2. Calvo, M., Whiting, S., & Barton, C. (2005). Vitamin D Intake: A Global Perspective of Current Status. The Journal Of Nutrition, 135(2), 310-316.

3. SACN (2016) Vitamin D and Health. Retrieved 17 November 2020, from

https://assets.publishing.service.gov.uk/government/uploads/system/uploads/attachment_data/file/537616/SACN_Vitamin_D_and_Health_report.pdf

4. NHS (2020). Vitamins and minerals - Vitamin D. Retrieved 17 November 2020, from

https://www.nhs.uk/conditions/vitamins-and-minerals/vitamin-d/

5. Saggese, G., Baroncelli, G., & Bertelloni, S. (2002). Puberty and bone development. Best Practice & Research Clinical Endocrinology & Metabolism, 16(1), 53-64.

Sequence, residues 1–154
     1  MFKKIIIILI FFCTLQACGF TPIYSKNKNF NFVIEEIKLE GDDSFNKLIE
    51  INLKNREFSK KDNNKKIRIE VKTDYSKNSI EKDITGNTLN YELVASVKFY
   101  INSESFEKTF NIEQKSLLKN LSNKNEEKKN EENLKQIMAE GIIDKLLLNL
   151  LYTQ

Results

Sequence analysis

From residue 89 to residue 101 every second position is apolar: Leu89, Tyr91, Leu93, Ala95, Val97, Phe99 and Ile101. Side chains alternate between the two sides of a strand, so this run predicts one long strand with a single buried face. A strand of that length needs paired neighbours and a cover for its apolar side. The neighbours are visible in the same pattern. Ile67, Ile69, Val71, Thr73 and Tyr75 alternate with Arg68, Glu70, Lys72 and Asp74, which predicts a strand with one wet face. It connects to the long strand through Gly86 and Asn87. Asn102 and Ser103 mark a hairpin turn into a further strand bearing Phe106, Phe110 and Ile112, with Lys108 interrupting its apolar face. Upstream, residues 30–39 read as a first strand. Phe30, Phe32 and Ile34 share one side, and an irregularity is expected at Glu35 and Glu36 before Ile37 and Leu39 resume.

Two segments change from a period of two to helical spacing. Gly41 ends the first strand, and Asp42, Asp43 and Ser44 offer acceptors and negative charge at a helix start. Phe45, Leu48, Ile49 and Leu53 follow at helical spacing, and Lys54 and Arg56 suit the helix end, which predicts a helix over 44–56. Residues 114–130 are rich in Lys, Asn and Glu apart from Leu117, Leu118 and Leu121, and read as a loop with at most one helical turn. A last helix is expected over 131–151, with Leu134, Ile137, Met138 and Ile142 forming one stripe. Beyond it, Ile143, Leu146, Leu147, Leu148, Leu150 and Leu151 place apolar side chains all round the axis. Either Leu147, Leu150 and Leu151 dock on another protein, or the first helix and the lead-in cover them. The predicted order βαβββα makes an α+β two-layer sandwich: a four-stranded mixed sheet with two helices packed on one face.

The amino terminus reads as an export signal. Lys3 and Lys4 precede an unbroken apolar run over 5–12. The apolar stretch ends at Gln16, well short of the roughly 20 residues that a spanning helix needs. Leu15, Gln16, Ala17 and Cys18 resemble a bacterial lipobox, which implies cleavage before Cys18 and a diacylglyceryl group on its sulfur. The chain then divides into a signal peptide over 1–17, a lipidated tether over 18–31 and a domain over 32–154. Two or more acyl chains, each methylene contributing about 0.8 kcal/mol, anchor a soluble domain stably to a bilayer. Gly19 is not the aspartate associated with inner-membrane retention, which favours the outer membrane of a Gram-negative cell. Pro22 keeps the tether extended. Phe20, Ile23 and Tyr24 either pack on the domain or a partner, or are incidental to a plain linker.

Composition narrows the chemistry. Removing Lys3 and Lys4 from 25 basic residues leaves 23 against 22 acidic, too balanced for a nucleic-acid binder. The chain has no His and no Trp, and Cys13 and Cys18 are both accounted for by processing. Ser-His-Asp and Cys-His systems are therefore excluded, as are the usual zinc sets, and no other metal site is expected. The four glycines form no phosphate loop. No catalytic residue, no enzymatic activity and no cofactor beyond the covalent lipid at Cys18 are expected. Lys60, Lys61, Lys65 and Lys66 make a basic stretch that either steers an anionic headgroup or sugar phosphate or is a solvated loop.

6. Weaver, C., Gordon, C., Janz, K., Kalkwarf, H., Lappe, J., & Lewis, R. et al. (2016). Erratum to: The National Osteoporosis Foundation’s position statement on peak bone mass development and lifestyle factors: a systematic review and implementation recommendations. Osteoporosis International, 27(4), 1387-1387.

7. Cashman, K. (2002). Calcium intake, calcium bioavailability and bone health. British Journal Of Nutrition, 87(S2), S169-S177.

8. Fleet, J., & Schoch, R. (2010). Molecular mechanisms for regulation of intestinal calcium absorption by vitamin D and other factors. Critical Reviews In Clinical Laboratory Sciences, 47(4), 181-195.

9. Etten, E., & Mathieu, C. (2005). Immunoregulation by 1,25-dihydroxyvitamin D3: Basic concepts. The Journal Of Steroid Biochemistry And Molecular Biology, 97(1-2), 93-101.

10. White, J. (2008). Vitamin D Signaling, Infectious Diseases, and Regulation of Innate Immunity. Infection And Immunity, 76(9), 3837-3843.